MUMBAI: A massive earthquake off Indonesia on Wednesday rattled investors and sparked fears of a fresh crisis in coal supplies to the beleaguered domestic power sector.
Shares of power generators, who are already struggling with issues relating to price of coal from Indonesia, fell around 2% as against a fall of 0.3% in Sensex.
“This is a knee-jerk reaction to the news as it is too early to assess the damages,” said G Chokkalingam, executive director and chief investment officer, Centrum Wealth Management.
“Power companies are highly leveraged and there are concerns over fuel supply, interest rate, changes in Indonesian policy that have impacted the cost of imported coal. The earthquake has added to the negative sentiment,” he said.
Some Indian power firms have coal supply agreements with Indonesian firms and investors fear that operations will be affected in case of large-scale damage.
Tata Power, Adani Power and Reliance Power have bought coal assets in Indonesia to fuel their projects in India, while others like JSW Energy and Lanco Infratech have fuel supply pacts with miners and traders there.
A powerful earthquake followed by an equally massive aftershock hit Indonesia on Wednesday, triggering tsunami warnings in 28 countries and reviving memories of the dreadful Boxing Day tsunami of 2004 which killed about 2.3 lakh people.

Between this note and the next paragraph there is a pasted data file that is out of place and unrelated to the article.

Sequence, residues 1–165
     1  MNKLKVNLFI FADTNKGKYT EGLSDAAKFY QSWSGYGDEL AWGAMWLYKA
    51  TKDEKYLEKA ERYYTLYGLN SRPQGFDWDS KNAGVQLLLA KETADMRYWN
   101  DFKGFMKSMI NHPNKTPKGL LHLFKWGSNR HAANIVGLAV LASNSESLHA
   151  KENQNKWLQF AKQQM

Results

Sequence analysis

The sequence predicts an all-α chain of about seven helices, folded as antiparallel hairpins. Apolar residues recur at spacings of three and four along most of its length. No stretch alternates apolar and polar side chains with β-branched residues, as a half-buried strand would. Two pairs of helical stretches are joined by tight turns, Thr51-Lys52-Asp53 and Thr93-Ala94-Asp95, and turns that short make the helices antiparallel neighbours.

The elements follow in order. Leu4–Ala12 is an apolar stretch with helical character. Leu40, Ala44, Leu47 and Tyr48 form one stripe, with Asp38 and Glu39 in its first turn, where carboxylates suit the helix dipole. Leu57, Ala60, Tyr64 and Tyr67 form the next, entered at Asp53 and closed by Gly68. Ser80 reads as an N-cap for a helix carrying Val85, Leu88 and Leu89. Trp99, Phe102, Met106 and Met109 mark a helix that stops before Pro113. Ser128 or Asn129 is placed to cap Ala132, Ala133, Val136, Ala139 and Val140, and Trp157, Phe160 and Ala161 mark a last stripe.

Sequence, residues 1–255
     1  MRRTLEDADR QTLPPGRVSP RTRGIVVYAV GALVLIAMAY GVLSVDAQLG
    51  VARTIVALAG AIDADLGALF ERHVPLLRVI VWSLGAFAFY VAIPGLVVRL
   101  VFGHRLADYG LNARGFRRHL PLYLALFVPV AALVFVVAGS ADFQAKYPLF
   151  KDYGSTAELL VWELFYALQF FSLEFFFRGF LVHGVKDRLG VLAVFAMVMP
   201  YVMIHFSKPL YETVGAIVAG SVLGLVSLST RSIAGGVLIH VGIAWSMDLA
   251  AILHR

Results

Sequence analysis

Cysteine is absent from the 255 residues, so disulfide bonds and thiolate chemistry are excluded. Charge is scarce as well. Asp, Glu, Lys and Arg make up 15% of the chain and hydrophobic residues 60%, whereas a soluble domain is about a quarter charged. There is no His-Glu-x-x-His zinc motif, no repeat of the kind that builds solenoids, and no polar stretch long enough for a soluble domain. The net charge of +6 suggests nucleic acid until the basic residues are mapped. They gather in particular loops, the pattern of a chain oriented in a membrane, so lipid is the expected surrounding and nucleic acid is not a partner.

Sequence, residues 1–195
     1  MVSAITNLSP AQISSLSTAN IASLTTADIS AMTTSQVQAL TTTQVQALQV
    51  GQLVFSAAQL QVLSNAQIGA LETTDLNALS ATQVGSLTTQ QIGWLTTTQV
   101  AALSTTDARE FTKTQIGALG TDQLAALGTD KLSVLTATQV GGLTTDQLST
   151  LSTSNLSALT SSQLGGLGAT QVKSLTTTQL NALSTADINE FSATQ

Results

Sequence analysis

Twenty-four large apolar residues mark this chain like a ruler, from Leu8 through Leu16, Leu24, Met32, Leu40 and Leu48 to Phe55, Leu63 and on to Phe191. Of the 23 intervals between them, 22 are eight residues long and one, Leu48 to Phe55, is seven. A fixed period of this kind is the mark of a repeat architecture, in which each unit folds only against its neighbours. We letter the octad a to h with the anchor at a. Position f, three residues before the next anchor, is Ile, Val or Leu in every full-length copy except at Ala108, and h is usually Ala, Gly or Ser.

Executives from Indian power utilities said that they were in the process of getting in touch with their Indonesian officials, associates, traders and government authorities to assess the impact of the earthquake. Some said the initial reports suggest that the mines may not have been affected, but fear that logistics infrastructure may have been hit.
“We are still trying to get information, but there would definitely be some impact on supplies,” said Ashok Khurana, director general of Association of Power Producers. “Most power utilities have inventory for 15-20 days, and supplies for another 3-4 weeks is sea-bound, so there would be a lag effect,” he said.
India, one of the biggest importers of Indonesian coal, currently runs around 9,000 MW of capacity on coal from the country, with another 10,000 MW under execution. Mega projects of companies, like Tata Power and Reliance Power, have been hurt after Indonesia decided to link coal prices to international benchmarks, making the coal from the country almost 150% more expensive.
To add to their woes, Indonesia is planning to impose 25% tax on coal exports in 2012, and scale it up to 50% next year to prevent overexploitation of its mines. According to estimates,Indonesia’s coal output is seen rising to 390 MT in 2102, with the biggest share of its exports going to China and India. India is likely to source around 120 MT of thermal coal from Indonesia this year, surpassing China.